Back in 2009 when we relaunched the uTest website (who here remembers our old logo?), we chose Drupal 6 for our home page CMS. Back then, I was certain that Drupal 7 would launch “real soon now” and that we would be thinking about an upgrade pathway sometime in early 2010.
My prediction was a bit off (Drupal 7 actually launched in January, 2011). That’s not a bad thing because good software takes time, and our early evaluations of Drupal 7 have been very positive. We’re excited to begin migrating as soon as we can. Yet given that Drupal 7 took three years to develop, one has to wonder if we’ll see Drupal 8 before 2014.
With that in mind, I was a bit surprised to read Drupal founder Dries Buytaert’s plan for launching Drupal 8 on a more reasonable timescale: never have more than 15 critical bugs in the database. From this recent article in eCRMGuide:
“At no point in time will there be more than 15 critical bugs,” Buytaert said. “I will not pull in a big change if we know there are known bugs. This gives us the ability to do timely releases because we know at most the release is only 15 critical bugs away from being ready.”
So wait, is this practical?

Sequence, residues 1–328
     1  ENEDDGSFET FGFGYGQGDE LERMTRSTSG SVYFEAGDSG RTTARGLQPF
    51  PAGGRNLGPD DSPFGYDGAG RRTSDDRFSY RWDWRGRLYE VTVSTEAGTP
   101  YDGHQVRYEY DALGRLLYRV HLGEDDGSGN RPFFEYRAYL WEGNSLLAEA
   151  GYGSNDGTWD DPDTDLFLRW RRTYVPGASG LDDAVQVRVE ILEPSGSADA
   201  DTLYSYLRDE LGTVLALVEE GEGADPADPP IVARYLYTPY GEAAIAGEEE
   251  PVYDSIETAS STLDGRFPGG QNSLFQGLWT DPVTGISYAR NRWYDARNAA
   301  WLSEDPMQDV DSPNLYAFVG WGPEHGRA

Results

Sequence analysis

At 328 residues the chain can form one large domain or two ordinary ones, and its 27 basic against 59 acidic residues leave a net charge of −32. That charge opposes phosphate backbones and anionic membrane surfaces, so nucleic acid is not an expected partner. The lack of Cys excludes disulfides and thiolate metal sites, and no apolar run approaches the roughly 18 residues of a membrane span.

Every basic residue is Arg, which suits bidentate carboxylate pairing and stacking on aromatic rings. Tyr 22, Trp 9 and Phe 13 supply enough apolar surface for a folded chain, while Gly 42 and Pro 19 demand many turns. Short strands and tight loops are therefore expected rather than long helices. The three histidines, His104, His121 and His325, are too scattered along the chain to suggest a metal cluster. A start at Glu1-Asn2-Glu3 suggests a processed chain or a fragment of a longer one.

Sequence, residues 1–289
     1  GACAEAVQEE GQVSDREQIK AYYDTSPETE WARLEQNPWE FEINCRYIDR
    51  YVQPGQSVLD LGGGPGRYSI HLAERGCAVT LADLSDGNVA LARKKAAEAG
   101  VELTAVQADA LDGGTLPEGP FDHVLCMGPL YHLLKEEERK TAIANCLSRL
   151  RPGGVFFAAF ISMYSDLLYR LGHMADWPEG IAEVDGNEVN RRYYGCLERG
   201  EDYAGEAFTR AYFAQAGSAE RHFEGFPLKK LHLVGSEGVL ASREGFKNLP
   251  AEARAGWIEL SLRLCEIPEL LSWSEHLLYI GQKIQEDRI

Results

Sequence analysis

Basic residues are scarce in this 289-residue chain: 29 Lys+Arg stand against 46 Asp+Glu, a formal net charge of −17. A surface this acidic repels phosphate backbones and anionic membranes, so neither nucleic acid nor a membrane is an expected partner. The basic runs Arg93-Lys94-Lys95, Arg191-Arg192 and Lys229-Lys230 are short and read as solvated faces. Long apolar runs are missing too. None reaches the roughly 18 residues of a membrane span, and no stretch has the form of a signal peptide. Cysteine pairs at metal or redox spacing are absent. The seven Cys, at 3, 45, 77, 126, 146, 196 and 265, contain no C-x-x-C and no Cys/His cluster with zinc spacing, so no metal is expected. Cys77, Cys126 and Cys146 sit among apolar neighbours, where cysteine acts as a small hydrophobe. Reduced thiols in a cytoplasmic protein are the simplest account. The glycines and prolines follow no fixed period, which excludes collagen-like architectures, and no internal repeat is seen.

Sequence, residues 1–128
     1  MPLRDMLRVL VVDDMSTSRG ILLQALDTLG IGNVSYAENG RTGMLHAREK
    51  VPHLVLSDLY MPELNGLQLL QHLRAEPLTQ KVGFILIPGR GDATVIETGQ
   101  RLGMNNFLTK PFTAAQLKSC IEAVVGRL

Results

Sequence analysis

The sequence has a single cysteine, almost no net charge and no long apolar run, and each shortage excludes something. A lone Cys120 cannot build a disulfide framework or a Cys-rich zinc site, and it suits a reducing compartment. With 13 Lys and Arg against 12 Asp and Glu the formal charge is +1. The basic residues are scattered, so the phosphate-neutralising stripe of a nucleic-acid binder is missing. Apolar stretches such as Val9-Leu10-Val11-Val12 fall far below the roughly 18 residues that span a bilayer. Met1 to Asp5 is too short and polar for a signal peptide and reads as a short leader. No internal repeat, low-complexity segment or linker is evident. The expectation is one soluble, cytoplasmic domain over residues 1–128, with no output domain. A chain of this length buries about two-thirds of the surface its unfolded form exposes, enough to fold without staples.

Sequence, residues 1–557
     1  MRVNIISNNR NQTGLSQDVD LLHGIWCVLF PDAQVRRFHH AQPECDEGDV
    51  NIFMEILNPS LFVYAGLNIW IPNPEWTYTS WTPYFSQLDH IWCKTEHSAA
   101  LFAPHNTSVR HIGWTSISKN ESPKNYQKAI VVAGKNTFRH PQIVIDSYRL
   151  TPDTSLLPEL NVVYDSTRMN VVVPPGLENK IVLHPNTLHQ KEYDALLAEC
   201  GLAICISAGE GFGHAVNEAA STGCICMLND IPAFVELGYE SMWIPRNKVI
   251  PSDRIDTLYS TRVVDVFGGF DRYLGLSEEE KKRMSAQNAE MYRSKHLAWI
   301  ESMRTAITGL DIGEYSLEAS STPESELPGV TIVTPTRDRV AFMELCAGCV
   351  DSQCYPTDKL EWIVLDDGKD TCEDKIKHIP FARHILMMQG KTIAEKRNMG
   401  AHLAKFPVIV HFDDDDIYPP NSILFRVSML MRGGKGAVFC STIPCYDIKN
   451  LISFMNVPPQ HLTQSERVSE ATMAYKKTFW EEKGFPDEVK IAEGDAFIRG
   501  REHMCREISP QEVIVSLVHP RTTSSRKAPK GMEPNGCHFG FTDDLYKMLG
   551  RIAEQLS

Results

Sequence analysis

The answer is almost certainly “yes!” From Joel Spolsky’s 12 Steps to Better Code:
5. Do you fix bugs before writing new code?
In general, the longer you wait before fixing a bug, the costlier (in time and money) it is to fix.
In this light, Dries may be on to something. If developers have to fix Drupal’s code before they’re allowed to check-in anything else, then they have a huge incentive to clear out bugs before they become major issues. In other words, their new features won’t make it into the codebase until they’ve cleaned up a sufficient number of outstanding prior mistakes.
What remains to be seen is if the critical bugs list can be properly managed to make this practical. Project managers will have to be ruthless about defining what is and isn’t a “critical bug.” It doesn’t help anyone if the list of critical bugs is out of date, contains invalid information, or has bugs related to incomplete features that just haven’t been written yet.
But kudos to Dries and the Drupal team. I sincerely hope this works out and I can’t wait to see Drupal 8.